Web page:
IBM MQ create .binding file

The IBM JMSAdmin tool can be used to create the .binding file that can be used to connect to the IBM MQ Server.

Following are the steps to create the binding file:

  • Download and install the IBM MQ or atleast following jar files are required to use the JMSAdmin tool. Basically all of the following needs to be in your CLASSPATH enviornment variable.
C:\Dev\sw\IBM\WebSphere MQ\Java\lib;;C:\Dev\sw\IBM\WebSphere MQ\Java\lib\;;C:\Dev\sw\IBM\WebSphere MQ\Java\lib\;C:\Dev\sw\IBM\WebSphere MQ\Java\lib\jms.jar;C:\Dev\sw\IBM\WebSphere MQ\Java\lib\jndi.jar;;C:\Dev\sw\IBM\WebSphere MQ\Java\lib\;;C:\Dev\sw\IBM\WebSphere MQ\Java\lib\;;C:\Dev\sw\IBM\WebSphere MQ\Java\lib\jndi.jar;;C:\Dev\sw\IBM\WebSphere MQ\Java\lib\providerutil.jar;;C:\Dev\sw\IBM\WebSphere MQ\Java\lib\connector.jar;;C:\Dev\sw\IBM\WebSphere MQ\Java\lib\fscontext.jar;;C:\Dev\sw\IBM\WebSphere MQ\Java\lib\ldap.jar;

If you dont have rights to modify the PATH variable set it in command prompt for the current session 🙂

set CLASSPATH=%CLASSPATH%;C:\Dev\sw\IBM\WebSphere MQ\Java\lib\providerutil.jar;

Following in PATH varaible
;C:\Dev\sw\IBM\WebSphere MQ\Java\lib; C:\Dev\sw\IBM\WebSphere MQ\Java\lib\;;C:\Dev\sw\IBM\WebSphere MQ\Java\bin
  • Create a JMSAdmin.config file and following should be added to it
#Directory where binding is created
PROVIDER_URL=file:/C:/Dev/sw/IBM/WebSphere MQ/Java/binding
  • Cretae intsetup file and add following contents basically define the IBM MQ connection
def qcf(ivtQCF) qmgr(QMGR) transport(CLIENT) host( channel(QMGRChannel) port(2222) DEFINE Q(OUTQ) QUEUE(OUTQ) TC(MQ) end
  • Run the admin tool
java < intsetup.scp
  • The binding file is created
  • In case you change any configuations always delete the .binding file and run the above command again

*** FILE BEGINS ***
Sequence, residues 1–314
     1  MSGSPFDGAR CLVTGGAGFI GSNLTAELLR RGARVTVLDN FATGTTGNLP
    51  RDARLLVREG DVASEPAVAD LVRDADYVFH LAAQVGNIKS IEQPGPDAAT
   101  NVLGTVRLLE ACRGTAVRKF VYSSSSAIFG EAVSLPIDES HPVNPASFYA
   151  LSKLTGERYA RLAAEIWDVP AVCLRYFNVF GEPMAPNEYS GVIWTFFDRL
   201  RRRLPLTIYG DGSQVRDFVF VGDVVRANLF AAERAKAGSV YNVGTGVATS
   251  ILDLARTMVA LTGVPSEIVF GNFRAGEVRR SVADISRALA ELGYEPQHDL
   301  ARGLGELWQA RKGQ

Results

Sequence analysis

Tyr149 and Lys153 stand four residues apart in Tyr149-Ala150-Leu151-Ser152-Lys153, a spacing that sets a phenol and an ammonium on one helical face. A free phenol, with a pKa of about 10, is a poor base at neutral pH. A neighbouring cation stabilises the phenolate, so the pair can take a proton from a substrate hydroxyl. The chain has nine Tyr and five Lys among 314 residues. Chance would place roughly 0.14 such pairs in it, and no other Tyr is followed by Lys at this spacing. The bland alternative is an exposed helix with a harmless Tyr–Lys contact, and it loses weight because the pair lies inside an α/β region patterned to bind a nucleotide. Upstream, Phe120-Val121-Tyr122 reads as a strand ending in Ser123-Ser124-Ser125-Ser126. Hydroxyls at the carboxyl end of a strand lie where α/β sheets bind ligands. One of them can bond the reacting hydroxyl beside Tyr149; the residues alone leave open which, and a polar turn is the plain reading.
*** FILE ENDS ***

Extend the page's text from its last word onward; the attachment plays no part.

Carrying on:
TLS1.2 slowness

We switched ove to TLS 1.2 btween two of our integrations and things started to become too slow. We investigated various issues like slow algorithem etc but it turned out to be that new TLS 1.2 add some headers where the length is more then the default length allowed by the network TCP-MSS.

This caused packets to be dropped fixing this value improved the network performance.

Apache tomcat easy deployment script

Following is the script that can be used to deploy application to Apache tomcat running on a Linux machine.

Also this script can be called from a Jenkins to automate the deployment process.

The script file can be downloaded from HotDeployScript

# . ~/.profile
export APP_ID=$1export URL1="http://localhost:8257/myWebApp/mvc/"
export CHECK_URLS="$URL1"
export CATALINA_HOME=/opt/myWebApp/tomcat7/
export DEPLOY_SRC=~/autodeploy/tmp/${APP_ID}/${APP_ID}-*.war
export DEPLOY_WAR=${APP_ID}.warexport DEPLOY_DIR=${APP_ID}
cd $CATALINA_BASE/webapps/
rm -f $CATALINA_BASE/webapps/${DEPLOY_WAR}
while [ -d "$CATALINA_BASE/webapps/${DEPLOY_DIR}" ]; do  
  echo "$(date +'%Y-%m-%d_%H:%M:%S'): Waiting for ${DEPLOY_DIR} to undeploy..." 
  sleep 5
echo "$(date +'%Y-%m-%d_%H:%M:%S'): === Undeploy completed."
${STOP_SCRIPT}sleep 5
sleep 5
while [ ! -d "$CATALINA_BASE/webapps/${DEPLOY_DIR}" ]; do  
  echo "$(date +'%Y-%m-%d_%H:%M:%S'): Waiting for ${DEPLOY_DIR} hot-deploy to start..."  
  sleep 5
echo "$(date +'%Y-%m-%d_%H:%M:%S'): === Hot-deploy started..."
mkdir -p /tmp/${APP_ID}/
rm -f $TEMP_FILE
for url in $CHECK_URLS; do 
curl_check=FAIL echo "$(date +'%Y-%m-%d_%H:%M:%S'): Verifying url: $url" 
# Wait 6 * 5secs = 30secs for url to become accessible... 
for loop_count in 1 2 3 4 5 6 7 8; do   
  curl -k -L "$url" > $TEMP_FILE 2> /dev/null   
  grep 'myWebApp version:' $TEMP_FILE > /dev/null   
  if [ "$result" == "0" ]; then     
   echo "$(date +'%Y-%m-%d_%H:%M:%S'): === url is OK: $url"     
  echo "$(date +'%Y-%m-%d_%H:%M:%S'): Waiting for hot-deploy to complete for: $url"   
  sleep 5 
if [ "$curl_check" == "FAIL" ]; then      
echo "$(date +'%Y-%m-%d_%H:%M:%S'): === Hotdeploy FAILED for: $url"   
exit 1 

echo "$(date +'%Y-%m-%d_%H:%M:%S'): === Hotdeploy completed."


TIBCO Java Event Source

TIBCO Java event source activity gives you the flexibility to write custom process starters. In following post we will create a simple project where we use the event source plugin.

The java source code and the tibco project can be found here.

Sample github project code

Do a maven clean install on the java project a jar file is created that should be imported as alias library to the tibco project.

The java project consist of the class “ProcessStarter” which extends the tibco process starter.